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Johann Sebastian BACH (1685-1750)
Goldberg Variations BWV988
Italian Concerto in F major BWV971
French Overture in B minor BWV831
Chromatic Fantasy and Fugue in D minor BWV903
Pieter-Jan Belder (harpsichord)
Recorded Maria Minor, Utrecht, July 1999
BRILLIANT CLASSICS 93384 [52.22 + 77.28]

Pieter-Jan Belder has been busy in the recording studios. At the time of these discs in 1999 he was thirty-three years old, a pupil of Bob van Asperen, and an exponent of Bach, Sweelinck and Mozart. As I write this he has begun a mammoth Domenico Scarlatti edition of 36 CDs, which should see him employed – and blistered – until well into 2007. The solo harpsichord works here were also part of a big Brilliant Bach box – the alliteration is irresistible – from which these performances have been extracted.

Belder’s Goldberg Variations is commendably humane and technically strongly competitive. But there are also aspects that tend to militate against a recommendation. The Aria is Gould-like in its speed – which I happen to like but not everyone will, especially with two repeats (he takes the repeats throughout). But elsewhere there are hints of rhythmic stolidity and of undifferentiated voicings; some of the variations tend toward the inert as well, which may well be as a result of over-caution. These strictures apply to variations such as No.2, the second and sixth canons, variations 13, 14 and 23; in general I find his playing of the canons rather disappointing and the playing as a whole rather bitty, and never quite taking flight. His Italian Concerto is enjoyable though better in the outer movements where he is very engaging; in the Largo he might now take it rather differently. Here it’s very slightly earthbound. Apart from a stodgy Sarabande his French Overture is colourful, perky and sensitive and the Chromatic Fantasy and Fugue is a good example of his command in Bach playing.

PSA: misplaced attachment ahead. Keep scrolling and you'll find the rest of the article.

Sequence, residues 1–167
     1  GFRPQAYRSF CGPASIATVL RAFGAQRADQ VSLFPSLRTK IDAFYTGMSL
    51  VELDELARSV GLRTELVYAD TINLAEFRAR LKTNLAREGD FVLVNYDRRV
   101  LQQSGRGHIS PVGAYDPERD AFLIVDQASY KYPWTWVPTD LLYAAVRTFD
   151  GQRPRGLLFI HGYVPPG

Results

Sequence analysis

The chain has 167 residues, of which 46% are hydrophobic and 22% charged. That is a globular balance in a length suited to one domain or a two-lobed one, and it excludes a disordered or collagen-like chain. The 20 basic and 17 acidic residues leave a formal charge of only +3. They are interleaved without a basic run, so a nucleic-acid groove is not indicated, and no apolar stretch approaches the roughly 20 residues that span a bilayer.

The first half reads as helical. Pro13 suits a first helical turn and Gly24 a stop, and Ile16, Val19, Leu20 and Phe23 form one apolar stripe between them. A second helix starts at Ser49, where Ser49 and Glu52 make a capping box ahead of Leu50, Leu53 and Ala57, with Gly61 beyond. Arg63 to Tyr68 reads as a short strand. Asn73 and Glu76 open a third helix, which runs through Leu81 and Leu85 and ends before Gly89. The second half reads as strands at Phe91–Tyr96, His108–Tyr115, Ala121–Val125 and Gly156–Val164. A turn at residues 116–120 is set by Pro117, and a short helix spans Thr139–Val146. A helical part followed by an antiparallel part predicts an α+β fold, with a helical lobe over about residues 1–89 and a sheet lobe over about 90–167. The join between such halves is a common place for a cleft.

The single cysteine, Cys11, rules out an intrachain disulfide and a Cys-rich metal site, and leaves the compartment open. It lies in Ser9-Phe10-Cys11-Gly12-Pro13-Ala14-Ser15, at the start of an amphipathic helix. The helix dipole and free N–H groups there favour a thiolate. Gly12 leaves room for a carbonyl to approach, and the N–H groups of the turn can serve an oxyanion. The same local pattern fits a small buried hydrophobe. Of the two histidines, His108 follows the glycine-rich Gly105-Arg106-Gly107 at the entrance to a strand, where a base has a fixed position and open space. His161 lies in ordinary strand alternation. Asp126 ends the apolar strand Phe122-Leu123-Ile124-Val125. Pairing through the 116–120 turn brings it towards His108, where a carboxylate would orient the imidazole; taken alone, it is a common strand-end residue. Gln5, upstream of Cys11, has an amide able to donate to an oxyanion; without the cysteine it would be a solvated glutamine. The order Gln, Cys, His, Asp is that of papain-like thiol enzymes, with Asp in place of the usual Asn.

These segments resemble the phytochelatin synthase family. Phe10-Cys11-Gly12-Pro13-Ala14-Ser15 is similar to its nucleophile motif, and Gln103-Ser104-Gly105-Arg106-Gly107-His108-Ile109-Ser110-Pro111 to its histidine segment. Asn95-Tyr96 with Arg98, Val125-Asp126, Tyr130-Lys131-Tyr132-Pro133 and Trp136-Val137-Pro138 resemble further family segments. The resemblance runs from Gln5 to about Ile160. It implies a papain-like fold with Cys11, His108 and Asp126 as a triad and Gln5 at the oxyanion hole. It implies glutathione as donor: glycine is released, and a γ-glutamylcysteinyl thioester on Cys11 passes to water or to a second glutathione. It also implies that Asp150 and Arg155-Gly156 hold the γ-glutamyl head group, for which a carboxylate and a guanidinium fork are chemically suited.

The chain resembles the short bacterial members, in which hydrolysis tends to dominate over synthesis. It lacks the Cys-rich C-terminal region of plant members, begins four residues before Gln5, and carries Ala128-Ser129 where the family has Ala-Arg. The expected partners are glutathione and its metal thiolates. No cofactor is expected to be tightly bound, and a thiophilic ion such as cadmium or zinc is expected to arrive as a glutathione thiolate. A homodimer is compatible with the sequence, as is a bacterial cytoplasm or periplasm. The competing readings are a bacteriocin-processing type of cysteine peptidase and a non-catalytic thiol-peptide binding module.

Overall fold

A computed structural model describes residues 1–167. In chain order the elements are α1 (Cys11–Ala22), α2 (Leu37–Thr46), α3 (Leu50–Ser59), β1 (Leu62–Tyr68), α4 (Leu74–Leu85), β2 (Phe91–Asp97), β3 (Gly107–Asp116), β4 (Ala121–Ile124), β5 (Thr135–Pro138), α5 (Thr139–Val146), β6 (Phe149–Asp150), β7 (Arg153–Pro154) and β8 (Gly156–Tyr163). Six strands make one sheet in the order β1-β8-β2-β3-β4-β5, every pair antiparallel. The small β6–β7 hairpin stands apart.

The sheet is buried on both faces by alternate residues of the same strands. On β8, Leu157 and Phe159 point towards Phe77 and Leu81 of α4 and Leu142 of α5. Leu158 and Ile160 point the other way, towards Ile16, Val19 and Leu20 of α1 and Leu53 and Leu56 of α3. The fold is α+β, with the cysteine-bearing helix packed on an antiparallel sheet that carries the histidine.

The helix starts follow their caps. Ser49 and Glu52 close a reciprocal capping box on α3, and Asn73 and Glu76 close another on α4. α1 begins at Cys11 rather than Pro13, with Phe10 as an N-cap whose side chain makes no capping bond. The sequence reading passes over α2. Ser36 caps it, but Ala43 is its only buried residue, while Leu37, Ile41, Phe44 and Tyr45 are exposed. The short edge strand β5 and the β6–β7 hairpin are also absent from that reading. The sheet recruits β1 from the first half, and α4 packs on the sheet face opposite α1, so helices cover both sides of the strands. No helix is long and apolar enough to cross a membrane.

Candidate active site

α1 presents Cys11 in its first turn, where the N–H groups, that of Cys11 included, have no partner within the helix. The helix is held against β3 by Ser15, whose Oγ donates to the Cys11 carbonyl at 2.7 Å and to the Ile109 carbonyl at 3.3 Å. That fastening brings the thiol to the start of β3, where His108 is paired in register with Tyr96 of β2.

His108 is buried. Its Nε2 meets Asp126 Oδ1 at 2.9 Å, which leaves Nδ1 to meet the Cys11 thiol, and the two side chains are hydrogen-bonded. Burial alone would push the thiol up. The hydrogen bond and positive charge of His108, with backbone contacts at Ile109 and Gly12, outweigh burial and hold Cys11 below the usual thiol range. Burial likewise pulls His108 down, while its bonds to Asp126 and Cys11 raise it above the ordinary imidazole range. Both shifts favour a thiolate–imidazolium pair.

The price of this generally engaging set is disarming. For all the above comments Belder’s playing is involved and warm. Given the modest extra outlay however I’d direct you to the wonderful Igor Kipnis on Seraphim IMP74501.

Jonathan Woolf

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